Skip to content

Everything isn’t an object

My introduction to the world of programming was via BASIC, C and C++. Along the way of course, I learned other stuff, including Java with its common theme of “Everything is an object”.

I could never get this concept of everything being an object, and hence I’ve never liked, and have always struggled with Java. That’s always made me feel totally dumb – given all the hype and oomph that Java receives for its features and ease of use, I could really never figure out Java totally.

It turns out, I’m not the only one. I came across this article by Steve Yegge entitled Execution in the Kingdom of Nouns. A totally humourous yet amazingly insightful take on “everything is an object”. I’d say its a must read for any serious programmer (and I’m sure the rest have run away by now) – and what it did for me basically was tell me why I felt the way I do about Java. Most memorable quotes for me:

Object Oriented Programming puts the Nouns first and foremost. Why would you go to such lengths to put one part of speech on a pedestal? Why should one kind of concept take precedence over another? It’s not as if OOP has suddenly made verbs less important in the way we actually think. It’s a strangely skewed perspective. As my friend Jacob Gabrielson once put it, advocating Object-Oriented Programming is like advocating Pants-Oriented Clothing.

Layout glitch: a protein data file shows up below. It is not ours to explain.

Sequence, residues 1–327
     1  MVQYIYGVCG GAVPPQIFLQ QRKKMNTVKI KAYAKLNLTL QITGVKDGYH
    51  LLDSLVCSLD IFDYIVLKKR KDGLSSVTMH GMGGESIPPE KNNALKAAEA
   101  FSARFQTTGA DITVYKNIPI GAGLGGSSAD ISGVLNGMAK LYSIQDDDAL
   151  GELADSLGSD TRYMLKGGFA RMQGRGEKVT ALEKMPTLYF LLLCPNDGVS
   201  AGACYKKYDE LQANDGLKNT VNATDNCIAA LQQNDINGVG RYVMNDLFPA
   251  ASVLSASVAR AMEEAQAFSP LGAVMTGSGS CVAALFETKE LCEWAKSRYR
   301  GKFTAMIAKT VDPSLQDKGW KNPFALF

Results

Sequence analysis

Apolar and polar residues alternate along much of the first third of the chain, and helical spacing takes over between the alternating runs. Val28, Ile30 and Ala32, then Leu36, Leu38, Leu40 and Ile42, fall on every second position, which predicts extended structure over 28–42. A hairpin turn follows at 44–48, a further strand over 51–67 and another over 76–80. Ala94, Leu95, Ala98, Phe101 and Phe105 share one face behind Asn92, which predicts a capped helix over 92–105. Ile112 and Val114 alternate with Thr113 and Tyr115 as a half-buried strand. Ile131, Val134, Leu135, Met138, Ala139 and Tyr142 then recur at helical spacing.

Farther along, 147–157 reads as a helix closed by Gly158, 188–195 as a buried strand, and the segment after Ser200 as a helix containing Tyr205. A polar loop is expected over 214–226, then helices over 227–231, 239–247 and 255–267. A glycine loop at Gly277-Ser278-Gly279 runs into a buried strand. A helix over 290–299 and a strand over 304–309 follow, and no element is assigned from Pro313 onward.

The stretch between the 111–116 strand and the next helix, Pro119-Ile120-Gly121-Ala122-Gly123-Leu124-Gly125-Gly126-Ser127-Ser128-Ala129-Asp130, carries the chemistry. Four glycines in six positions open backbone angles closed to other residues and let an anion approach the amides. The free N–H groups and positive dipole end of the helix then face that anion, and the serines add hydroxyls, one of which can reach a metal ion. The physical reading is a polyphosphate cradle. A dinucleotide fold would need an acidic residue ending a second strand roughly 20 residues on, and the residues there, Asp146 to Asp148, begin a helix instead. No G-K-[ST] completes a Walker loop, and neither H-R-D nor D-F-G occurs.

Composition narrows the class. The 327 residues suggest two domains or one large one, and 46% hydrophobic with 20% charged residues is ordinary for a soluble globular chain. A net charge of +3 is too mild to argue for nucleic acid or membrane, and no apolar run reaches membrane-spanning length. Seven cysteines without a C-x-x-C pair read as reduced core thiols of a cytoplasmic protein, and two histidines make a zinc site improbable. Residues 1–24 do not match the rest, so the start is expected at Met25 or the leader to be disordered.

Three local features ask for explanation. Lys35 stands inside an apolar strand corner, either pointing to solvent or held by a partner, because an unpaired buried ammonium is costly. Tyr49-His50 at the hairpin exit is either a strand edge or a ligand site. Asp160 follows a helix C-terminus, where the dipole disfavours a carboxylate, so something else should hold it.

I’ve really come around to what Perl folks were telling me 8 or 9 years ago: “Dude, not everything is an object.”

I found Steve’s other articles are very insightful too – especially the one on “Moore’s Law is Crap“.

2 Comments

  1. antrix wrote:

    I spent all of last evening reading his articles. Damn he writes well! And got to pick some books from his top ten list too!

    Tuesday, April 11, 2006 at 9:46 pm | Permalink
  2. kkaisare wrote:

    I have come to dislike Java for similar reasons. The way Java pushes the UML principle – it is so MBA-ish.

    Yes, I am biased.

    Thursday, April 13, 2006 at 1:17 pm | Permalink

Post a Comment

Your email is never published nor shared.